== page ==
From the Archives: John F. Kennedy at Hyannisport Club - MASSGOLF

From the archives: John F. Kennedy at the Hyannisport Club

The first Mass Golf Championship of the year gets underway on April 25th, when a full field of two-person teams will converge on the Hyannisport Club and Bayberry Hills Golf Course to compete in the 42nd Four-Ball Championship.

For history buffs, Hyannis Port calls to mind three towering initials: J-F-K. In the summertime, like so many other Massachusetts families, the Kennedy’s flocked to the Cape for ice cream, beach outings, and of course, golf.  The Kennedy Compound, three houses on six acres of waterfront property, sits just a third of a mile from the clubhouse at Hyannisport Club. It’s no surprise that President Kennedy, an avid golfer on holiday from the Oval Office, would regularly walk over to play a few casual holes.


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Below is an article written by Marjorie Hunter and published by the New York Times on July 15th, 1963. What can this week’s competitors glean from Hunter’s assessment of the course? Not much has changed over the past 60 years–the course is listed at 6,348 yards from the back tees. Hyannisport’s defense remains rooted in the Cape Cod elements, so look for swirling wind and dense fog to make those small Donald Ross greens appear even smaller.

Kennedy course is like politics: lots of obstructions and traps

HYANNIS PORT, Mass., July 14

Often shrouded in fog and always buffeted by stiff breezes, the Hyannisport Club course where President Kennedy is playing golf this summer is considered one of the toughest in the country.

Some have called it the St. Andrews of the East, comparing it favorably with the famous Royal and Ancient Golf Club of St. Andrews on Scotland’s wild coast.

Others have called it many things, depending on how successful they have been in staying out of trouble on the 6,124 yard course.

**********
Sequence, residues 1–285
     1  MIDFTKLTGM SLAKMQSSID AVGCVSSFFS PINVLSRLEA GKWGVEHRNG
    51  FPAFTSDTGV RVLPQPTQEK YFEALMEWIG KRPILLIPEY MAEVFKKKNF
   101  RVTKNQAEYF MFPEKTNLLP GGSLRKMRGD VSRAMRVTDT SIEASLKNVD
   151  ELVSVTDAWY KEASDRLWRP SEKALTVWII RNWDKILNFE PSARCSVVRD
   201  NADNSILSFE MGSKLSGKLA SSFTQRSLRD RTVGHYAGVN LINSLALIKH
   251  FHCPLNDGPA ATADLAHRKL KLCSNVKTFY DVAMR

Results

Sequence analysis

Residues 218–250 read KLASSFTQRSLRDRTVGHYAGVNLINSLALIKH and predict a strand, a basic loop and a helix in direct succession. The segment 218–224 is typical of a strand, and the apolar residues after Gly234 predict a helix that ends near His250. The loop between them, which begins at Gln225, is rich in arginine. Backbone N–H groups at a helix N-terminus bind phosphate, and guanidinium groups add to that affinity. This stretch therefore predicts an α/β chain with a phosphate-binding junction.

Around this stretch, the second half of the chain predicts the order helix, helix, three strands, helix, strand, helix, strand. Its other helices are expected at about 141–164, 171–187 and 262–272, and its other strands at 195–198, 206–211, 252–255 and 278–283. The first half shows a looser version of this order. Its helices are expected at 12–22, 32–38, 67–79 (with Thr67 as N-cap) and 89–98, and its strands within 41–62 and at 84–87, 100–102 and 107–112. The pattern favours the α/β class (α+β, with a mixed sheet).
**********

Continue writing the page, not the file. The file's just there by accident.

The Greens Are Small

The greens are small, the fairways are narrow and the rough is tough and wiry.

Sand traps, of which there are a fair number, are the least worrisome of the obstacles confronting golfers on the Hyannisport course.

Inlets of all sizes, from tiny water holes to broad and deep streams, traverse the course. The narrow fairways are bounded by marshes, clumps of bushes and some of the most wiry weeds in this part of the country.

The real trouble, however, even for good golfers, is provided by the weather.

The greens vary from hour to hour because of the fog and the wet breezes blowing in from Nantucket Sound. Often, the wind blows from three directions within an hour, shifting from southwest to west to southeast.

Because of an old back injury that kept him off the golf course for more than two years, President Kennedy has not attempted to play the full 18 holes yet.

Over the Fourth of July weekend, the President played five holes. It was the first time he had played since reinjuring his back during a tree-planting ceremony in Canada in May, 1961.

Within 30 minutes of arriving last Friday for the weekend, the President was back on the course again, playing what is called “the inside five”–the first, second, 16th, 17th and 18th holes.


Like all golfers, JFK couldn’t stay away from the course (Credit: the New York Times)

The Secret Player

On Saturday, when the course was deeply shrouded in fog, the President played six holes–the seventh through the 12th–out of sight of all except the ever-present Secret Service agents.

His mother, Mrs. Joseph P. Kennedy, who plays almost every day, was elsewhere on the course at the same time. The fog was so heavy, however, that they never saw each other.

Confronted constantly with water holes, marshes and heavy rough, the player on the Hyannisport Club course can take little comfort from one of the rules printed on the scorecard:

“There are no water hazards. The marsh and adjacent waterways are ‘through the green.'”


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